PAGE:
La Spezia is a smallish city in the south of a smallish area called Liguria, which is a smallish region in the northern part of the smallish country of Italy, along the coast.
Here is the business part of the city:
And here is the leisure part of the city:
Although I never captured one of them on camera, the mosquitos were the size of small birds – and, they were the anopheles species known for carrying malaria. However, there is not much malaria in Italy these days, so a major loss of blood is about the only thing to worry about if you get bit by one of these giant flying velociraptors.
The wonderful thing about photography as a hobby is that you always get to learn new things.
I saw this sign for a street named “20th September” (Via XX Septembre) in many, many Italian cities, this one being La Spezia at the furthest tip of the Italian Ligurian coast:
This is to highlight an historical event that took place in the year 1870: Italians completing their conquer of the Italian peninsula.
Interesting aside: I find it quite interesting that many countries name streets after important dates in history – but not the Americans. To my knowledge, there is no “July 4” street – at least not anywhere that I’ve seen.
So the very interesting question is: do other cultures feel inspired — or worse, perhaps obligated — to commemorate events in their history?
You’ve got to hand it to the French – they are an amazing, amazing people who firmly believe a Zombie revolution is unstoppable. So they are taking incredible measures to limit contact between humans, which both lowers the risk of vulnerability to a possible attack as well as lowers the risk of exposure to any Zombie-causing pathogens.
I’ve written about the French Robo-Hotels, where you can pay via a kiosk, check yourself in, and avoid all contact with humans.
And I’ve written about the French Robo-Stores, where you can select your merchandise online, travel to a pick-up center, and have it loaded directly into your vehicle, and avoid all contact with humans.
And now . . . just when I though I had seen it all . . . French Robo-Food! It’s a kiosk that displays menus from local restaurants. You can order your food, pay for it, then have it delivered to your doorstep, and avoid all contact with humans.
Couldn‘t really believe my eyes when I walked out onto my balcony:
Aside from cropping or merging photos to create panoramas, I never edit or modify my snaps in any way. This is really what the sky looked like at around 7 AM and looking in the south east direction.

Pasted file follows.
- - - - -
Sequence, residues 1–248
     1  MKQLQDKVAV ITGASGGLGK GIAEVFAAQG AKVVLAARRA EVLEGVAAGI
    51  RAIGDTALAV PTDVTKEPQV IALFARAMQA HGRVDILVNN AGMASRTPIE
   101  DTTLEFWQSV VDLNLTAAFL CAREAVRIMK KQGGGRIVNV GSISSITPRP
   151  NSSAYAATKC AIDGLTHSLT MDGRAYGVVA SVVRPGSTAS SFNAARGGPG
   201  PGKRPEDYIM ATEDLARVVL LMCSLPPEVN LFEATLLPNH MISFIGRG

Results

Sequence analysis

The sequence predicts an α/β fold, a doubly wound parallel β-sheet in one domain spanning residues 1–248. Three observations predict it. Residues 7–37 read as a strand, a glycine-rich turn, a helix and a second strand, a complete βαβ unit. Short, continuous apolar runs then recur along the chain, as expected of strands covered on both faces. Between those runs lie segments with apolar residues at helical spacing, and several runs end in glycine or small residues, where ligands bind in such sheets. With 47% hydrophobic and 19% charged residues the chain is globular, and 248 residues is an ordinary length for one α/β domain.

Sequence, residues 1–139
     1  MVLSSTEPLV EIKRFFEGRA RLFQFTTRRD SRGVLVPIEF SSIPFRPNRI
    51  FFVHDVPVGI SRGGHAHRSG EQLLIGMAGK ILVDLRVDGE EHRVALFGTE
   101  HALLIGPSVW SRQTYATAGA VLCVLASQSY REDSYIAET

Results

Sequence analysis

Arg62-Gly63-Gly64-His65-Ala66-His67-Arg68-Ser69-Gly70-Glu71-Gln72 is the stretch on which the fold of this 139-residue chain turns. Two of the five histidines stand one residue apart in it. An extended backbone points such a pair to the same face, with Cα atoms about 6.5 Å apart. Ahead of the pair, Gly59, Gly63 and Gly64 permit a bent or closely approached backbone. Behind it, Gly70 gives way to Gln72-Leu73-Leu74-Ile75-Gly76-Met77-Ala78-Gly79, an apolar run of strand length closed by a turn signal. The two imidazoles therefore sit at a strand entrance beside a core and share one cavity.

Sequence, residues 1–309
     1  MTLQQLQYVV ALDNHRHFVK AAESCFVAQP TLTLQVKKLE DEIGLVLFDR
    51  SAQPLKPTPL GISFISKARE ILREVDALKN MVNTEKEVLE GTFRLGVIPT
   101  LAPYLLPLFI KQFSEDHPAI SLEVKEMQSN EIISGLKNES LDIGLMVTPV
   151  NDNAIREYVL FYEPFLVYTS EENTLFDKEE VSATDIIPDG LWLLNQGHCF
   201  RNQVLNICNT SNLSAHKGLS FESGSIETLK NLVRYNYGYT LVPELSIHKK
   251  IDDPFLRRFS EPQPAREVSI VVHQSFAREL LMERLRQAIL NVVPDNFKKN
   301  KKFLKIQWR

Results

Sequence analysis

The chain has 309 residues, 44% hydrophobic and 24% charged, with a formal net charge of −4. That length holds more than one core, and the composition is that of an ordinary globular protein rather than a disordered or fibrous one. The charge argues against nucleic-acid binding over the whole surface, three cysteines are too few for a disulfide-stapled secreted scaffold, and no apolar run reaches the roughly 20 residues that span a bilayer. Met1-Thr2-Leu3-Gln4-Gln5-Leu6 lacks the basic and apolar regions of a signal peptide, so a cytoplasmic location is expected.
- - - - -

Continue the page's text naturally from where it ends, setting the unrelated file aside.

I am quite happy with the way this snap turned out. I think the shadows do a nice job of emphasizing the mother and her child (is that Mary and Jesus? I don‘t know) and the diffuse background shows sufficient detail to remind the viewer that this is a scene from the Middle Ages.
At least I think it is Utah. I took this snap at the Hoover Damn, at any rate:
Note added on 30.12.2019: I looked it up on Google Maps, and it turns out this is set in Arizona, not Utah.
The central mountainous region of Switzerland is known as the Berner Oberland, and it contains a danger so frightening that most scientists are reluctant to discuss it at all.
For here is a breathtaking view of none other than the Niesen Supervolcano:
There are around 9 supervolcanos in the world, and an eruption by any one of them would permanently change the face of the planet.
Scientists and geologists universally agree that when (not if) the Niesen Supervolcano erupts, all life in Europe will be extinguished.
Why take a panorama photograph of the inside of an empty first-class compartment of a train in Switzerland?
No reason. Just because I could.
Deep in the Berner Oberland of central Switzerland,
Switzerland has two chains of supermarkets, Migros and Coop.
Generally speaking, the Migros chain of supermarket is far superior in every way to the Coop chain of supermarket.
Although it is doubtful they will ever get there, due to the tremendous talent and creativity of the people who work at Migros, nevertheless the Coop chain is trying hard to make inroads and catch up, as this snap from my local Coop shows:
It’s a little hut inside of the supermarket where a sprayer keeps the air very moist, where the temperature is almost freezing, and where you can buy (and I am not making this up) pieces of cheese with prices in the triple digits!
Continuing the series, sometimes you see a sign that’s just plain silly.
Case-in-point: this recepticle for cigarettes, inside of a designated non-smoking area:
Looking south from the hills above Zurich,
Sometimes you see a sign that’s just plain silly.
Case-in-point: this “do not park your bicycle here” sign, directly next to a stand for bicycles:
From the artist that created many sculptures that adorn Southern Germany, in the city of Konstanz there is a big lady that stands and spins around, and she is made mostly out of concrete:
Actually, she turns around about one revolution per minute. I’ve never seen the motor and gears that make this happen.